Amazing Abilities — Creation, not Evolution

Most people have heard about or even seen people with amazing abilities, going far beyond stunts or amusing tricks. There are human calculators, people with brilliance that they use to earn doctorates and very young ages, exceptional musicians, and more.

Many skills such as music can be enhanced with practice, but other people seem to be born with them. Some folks have talent, but cannot reach certain levels even after practicing every day for years. W.A. Mozart's family was modest in talent, but in his almost thirty-six years of life, he composed over 800 pieces. Sergei Rachmaninoff's third piano concerto is considered one of the most technically difficult to perform, but people like Yuja Wang do it impressively. It says a lot about her, and also about the composer himself. Violin concertos are not exactly easy, either.

Pianist Yuja Wang (image enhanced), Flickr / eXploration Etoile (CC BY 2.0)
How could they evolve, and for what purpose? While Darwin's disciples may evosplain with a trite, "It evolved", thinking people need more than that. Remember, in the evolutionary paradigm, humans were as unintelligent as apes back then. The ability to do calculations at great speed or compose a concerto for sticks at age fifteen would not benefit the tribal hunt.

From a biblical creation perspective, these reveals of talent and genius fit in well. In brief (and if I'm explaining properly), God made Adam and Eve perfect. (I remember Ken Ham saying at a creation conference that all of those wonderful abilities that have cropped up through history would have been present in the first couple. If you study on it, that makes sense.) With sin came death and genetic degradation, and occasionally the genetic switches are activated so that those abilities are manifested.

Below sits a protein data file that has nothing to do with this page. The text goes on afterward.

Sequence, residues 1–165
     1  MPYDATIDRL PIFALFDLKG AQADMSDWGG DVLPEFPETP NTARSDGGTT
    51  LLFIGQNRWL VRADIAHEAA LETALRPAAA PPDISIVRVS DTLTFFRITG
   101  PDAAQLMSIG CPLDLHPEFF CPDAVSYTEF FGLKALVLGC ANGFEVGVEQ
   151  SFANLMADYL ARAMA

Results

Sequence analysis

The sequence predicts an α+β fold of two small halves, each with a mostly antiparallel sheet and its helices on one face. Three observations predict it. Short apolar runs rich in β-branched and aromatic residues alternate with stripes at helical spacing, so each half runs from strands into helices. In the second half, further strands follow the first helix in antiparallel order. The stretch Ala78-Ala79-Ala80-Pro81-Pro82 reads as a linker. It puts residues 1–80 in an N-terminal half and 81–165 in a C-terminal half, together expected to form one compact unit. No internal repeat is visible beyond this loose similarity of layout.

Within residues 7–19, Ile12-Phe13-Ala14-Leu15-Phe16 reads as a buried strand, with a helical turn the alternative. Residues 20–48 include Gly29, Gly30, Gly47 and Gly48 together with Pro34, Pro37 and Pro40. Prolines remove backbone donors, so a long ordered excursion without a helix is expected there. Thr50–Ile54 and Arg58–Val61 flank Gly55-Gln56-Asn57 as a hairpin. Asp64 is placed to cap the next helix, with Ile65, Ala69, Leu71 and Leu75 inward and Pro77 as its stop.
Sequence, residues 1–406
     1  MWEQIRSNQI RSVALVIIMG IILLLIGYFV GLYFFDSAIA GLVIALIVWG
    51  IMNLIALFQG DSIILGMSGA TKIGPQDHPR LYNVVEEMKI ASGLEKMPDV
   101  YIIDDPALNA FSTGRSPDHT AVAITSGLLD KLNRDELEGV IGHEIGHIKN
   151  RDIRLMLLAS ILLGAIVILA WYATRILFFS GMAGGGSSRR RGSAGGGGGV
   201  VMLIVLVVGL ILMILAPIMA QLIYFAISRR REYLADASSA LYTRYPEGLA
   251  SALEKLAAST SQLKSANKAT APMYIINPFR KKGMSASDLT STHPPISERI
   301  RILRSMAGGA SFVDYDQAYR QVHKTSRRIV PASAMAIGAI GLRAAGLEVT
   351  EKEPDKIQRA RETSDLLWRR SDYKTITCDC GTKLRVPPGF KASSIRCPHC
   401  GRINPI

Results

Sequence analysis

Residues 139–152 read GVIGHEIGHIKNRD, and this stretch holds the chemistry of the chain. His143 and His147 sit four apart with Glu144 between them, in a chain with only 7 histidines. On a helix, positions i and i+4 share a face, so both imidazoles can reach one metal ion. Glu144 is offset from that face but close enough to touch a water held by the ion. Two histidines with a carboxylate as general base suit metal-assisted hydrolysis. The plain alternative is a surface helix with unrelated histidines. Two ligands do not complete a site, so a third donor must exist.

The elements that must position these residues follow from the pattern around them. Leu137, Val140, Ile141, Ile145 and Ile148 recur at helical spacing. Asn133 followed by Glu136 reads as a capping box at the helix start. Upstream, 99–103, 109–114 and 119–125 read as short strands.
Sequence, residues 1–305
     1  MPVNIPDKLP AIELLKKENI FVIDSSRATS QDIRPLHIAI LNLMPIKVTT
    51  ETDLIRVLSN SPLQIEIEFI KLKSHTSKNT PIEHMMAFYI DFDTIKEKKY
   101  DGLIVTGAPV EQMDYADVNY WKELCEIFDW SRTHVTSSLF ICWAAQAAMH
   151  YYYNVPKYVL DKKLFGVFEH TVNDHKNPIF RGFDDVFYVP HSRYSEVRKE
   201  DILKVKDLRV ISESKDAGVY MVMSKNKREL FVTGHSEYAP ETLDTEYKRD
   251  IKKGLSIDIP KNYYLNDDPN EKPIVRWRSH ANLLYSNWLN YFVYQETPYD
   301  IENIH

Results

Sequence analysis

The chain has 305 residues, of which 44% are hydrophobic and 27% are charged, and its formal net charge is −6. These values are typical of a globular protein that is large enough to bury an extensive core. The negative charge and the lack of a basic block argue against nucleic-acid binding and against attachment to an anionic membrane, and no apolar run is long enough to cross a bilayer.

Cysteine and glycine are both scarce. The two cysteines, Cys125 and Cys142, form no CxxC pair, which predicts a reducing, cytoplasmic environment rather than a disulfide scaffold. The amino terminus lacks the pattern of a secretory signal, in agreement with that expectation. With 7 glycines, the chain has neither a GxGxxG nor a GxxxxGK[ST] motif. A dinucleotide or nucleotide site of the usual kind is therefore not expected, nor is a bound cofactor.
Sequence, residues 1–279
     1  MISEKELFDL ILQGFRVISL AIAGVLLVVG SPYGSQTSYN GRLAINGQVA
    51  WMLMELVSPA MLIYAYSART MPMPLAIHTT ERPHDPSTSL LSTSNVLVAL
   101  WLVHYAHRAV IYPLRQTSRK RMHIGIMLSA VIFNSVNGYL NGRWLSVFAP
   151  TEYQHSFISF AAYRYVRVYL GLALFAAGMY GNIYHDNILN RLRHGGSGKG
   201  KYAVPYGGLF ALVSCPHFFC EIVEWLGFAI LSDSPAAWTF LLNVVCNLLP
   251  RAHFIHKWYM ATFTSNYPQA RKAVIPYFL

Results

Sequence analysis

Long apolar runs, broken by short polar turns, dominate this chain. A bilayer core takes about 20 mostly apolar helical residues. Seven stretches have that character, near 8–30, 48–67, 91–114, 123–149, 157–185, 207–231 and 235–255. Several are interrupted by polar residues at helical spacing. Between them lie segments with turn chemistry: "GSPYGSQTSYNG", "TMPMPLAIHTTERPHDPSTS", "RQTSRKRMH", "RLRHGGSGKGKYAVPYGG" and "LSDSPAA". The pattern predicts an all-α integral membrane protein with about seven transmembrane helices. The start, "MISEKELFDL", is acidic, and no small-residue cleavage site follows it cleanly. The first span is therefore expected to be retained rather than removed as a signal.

Like me, I’m sure you have sometimes enjoyed watching films or online videos that showcase amazing feats performed by talented human beings. Perhaps a spectacular acrobatic manoeuvre boggled your mind, or you were mesmerised by watching an exciting-but-dangerous sport.

. . .

And we should not forget that, while the production of books is not itself visually stunning, there are people whose erudition in writing is utterly captivating, and others whose poetry can have us spellbound.

. . .

We may take it for granted, but it is worth asking, where does all this human ingenuity, inventiveness, skill, craftsmanship, dexterity, and agility come from? Christians certainly share in celebrating so many outstanding and awesome human achievements. However, it is crucial that we do not fall into the habit of glorying in man. This can come dangerously close to idolatry. Scripture warns against this tendency:

To read the entire article (it's a mite long but not technical), click on "People are Amazing! Features that could not evolve." A similar post may be of interest: "Exceptional Abilities and Over-Design."